Notes from the Field

Vietnamese Delegation Studies Environmental Protection Strategies and Films Documentary

May 26, 2010

The four students dressed in hooded sweatshirts, faded jeans, and designer sneakers looked like any other teenagers walking along the streets of San Francisco. However, these students were part of a carefully selected delegation from Vietnam here last month to gain a sense of youth participation and awareness in environmental protection in the U.S. The delegation also included two officials from the Ministry of Education, and two reporters from Vietnam TV who were videotaping their experiences for a documentary to be shown on national TV in Vietnam. (Watch our own video featuring highlights from the visit.)

Vietnam delegation with Goldman Environmental Prize winners

The delegation participated in a special reception for the 2010 Goldman Environmental Prize winners at Golden Gate Park’s Crissy Field community center.

The Bay Area’s diverse natural surroundings and strong leadership in environmental innovation made it a great place to examine environmental challenges and successes, such as solid waste management and energy conservation, in an urban setting. The delegation sat down with government officials, NGO representatives, school teachers, students, reporters, and community activists. The students joined other environmentalists to clean up public parks for Earth Day celebrations, and in weeding, composting, and planting native plants in community gardens. A highlight of their experience here, they said, was meeting the 2009 Goldman Environmental Prize winners in a special reception given by young environmentalists at Golden Gate Park’s Crissy Field community environmental center. The delegates also spent a weekend around Sacramento examining water issues on the Delta. Delegates remarked that many of the water and land issues here paralleled challenges faced in the Mekong Delta.

The program was a rare opportunity for American environmentalists to learn firsthand about environmental issues in a rapidly changing Vietnam. The population growth in Vietnam has tripled since the 1950s and migration into its cities has caused crowding and water shortages. Hanoi, for example, which now has six million people, was originally designed for only a few thousand. The Americans learned that as a result of the rising economy and thus an increase in cars and consumption, air pollution and industrial pollution have become major concerns in Vietnam, as well.

When asked by a young reporter that covers local environmental issues at Youth Radio in Oakland about what Vietnam is doing to address these challenges, one of the students from Hanoi said that in her area, she has noticed that the government is showing greater concern about the environment, and that young people in universities are now becoming involved in activities to mitigate environmental degradation. However, unlike in the U.S., these efforts are not as well-organized or integrated into the local communities. Environmental studies are not yet part of the elementary to high school curriculum in Vietnam, they said. The students emphasized that Vietnam is a developing country, and although many challenges lie ahead, Vietnam’s younger generation is eager to meet those challenges. Youth Radio staff and reporters were so impressed by the students’ passion that they invited them to submit stories from Vietnam to contribute to the station’s future environmental coverage.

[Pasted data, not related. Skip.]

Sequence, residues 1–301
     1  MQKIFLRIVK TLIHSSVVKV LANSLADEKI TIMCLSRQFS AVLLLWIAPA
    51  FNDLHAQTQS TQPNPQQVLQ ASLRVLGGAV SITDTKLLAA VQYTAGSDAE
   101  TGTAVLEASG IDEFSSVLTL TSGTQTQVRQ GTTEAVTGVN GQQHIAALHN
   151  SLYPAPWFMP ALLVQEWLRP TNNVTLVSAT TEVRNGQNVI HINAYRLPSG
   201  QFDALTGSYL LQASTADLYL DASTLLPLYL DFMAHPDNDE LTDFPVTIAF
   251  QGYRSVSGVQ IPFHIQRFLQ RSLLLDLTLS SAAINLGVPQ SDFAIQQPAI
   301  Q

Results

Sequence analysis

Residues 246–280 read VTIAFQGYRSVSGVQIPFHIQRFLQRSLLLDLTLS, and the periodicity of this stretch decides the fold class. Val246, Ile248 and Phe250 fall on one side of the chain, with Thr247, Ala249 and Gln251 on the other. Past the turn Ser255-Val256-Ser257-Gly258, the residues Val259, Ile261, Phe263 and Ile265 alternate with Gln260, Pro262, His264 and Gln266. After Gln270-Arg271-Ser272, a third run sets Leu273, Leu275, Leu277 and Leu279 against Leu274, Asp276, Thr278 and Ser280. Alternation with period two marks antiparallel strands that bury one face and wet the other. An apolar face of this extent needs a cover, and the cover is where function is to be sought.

At times, the students’ enthusiasm and openness rubbed off on the people with whom they met. During a meeting at the Environmental Protection Agency (EPA), one senior EPA official told a personal story of how she began her work in the environment when she attended the first Earth Day celebration 40 years ago in 1970, as an elementary school student. She was so inspired that she decided then that she wanted to pursue a career in the environment field. One of the Vietnamese students said she decided on an environmental career two years ago when she discovered Recycle City, a computer game designed by EPA.

The connection between the Vietnamese students and the Vietnamese-Americans that they met seemed to be immediate. The Americans practiced speaking Vietnamese and shared travel anecdotes from visits to Vietnam. Famed San Francisco chef Charles Phan invited the young delegation to try nouvelle Vietnamese cuisine at his internationally- renowned restaurant, Slanted Door. One Vietnamese-American, a Coro Fellow interested in a career in Environmental Management, plans to visit the students in Vietnam this summer and to collaborate with them on future projects.

Another notable moment was when Vance Fong, a Vietnamese-American  environmentalist at the EPA, described a project he was working on in Vietnam to draw dioxin, a toxic substance resulting from Agent Orange, out of the ground.

For many of the American counterparts, the delegation brought a global dimension to the work they are doing here as environmentalists. The Americans realized that their work is recognized by those in another part of the world; that environmental protection is a universal effort.

When the students return back to Vietnam and bring back lessons learned from their experiences in the U.S., what will also most likely remain are the personal connections made through the program. “Are you on Facebook?” the delegates asked the Americans as they parted.

Julia Chen is a Program Officer for The Asia Foundation’s Asian American Exchange (AAX) unit, and designed the study tour for the Vietnamese delegation during their visit to San Francisco. She can be reached at jchen@asiafound.org.

[VIDEO] Going Green: An Observation Tour for Young Environmentalists

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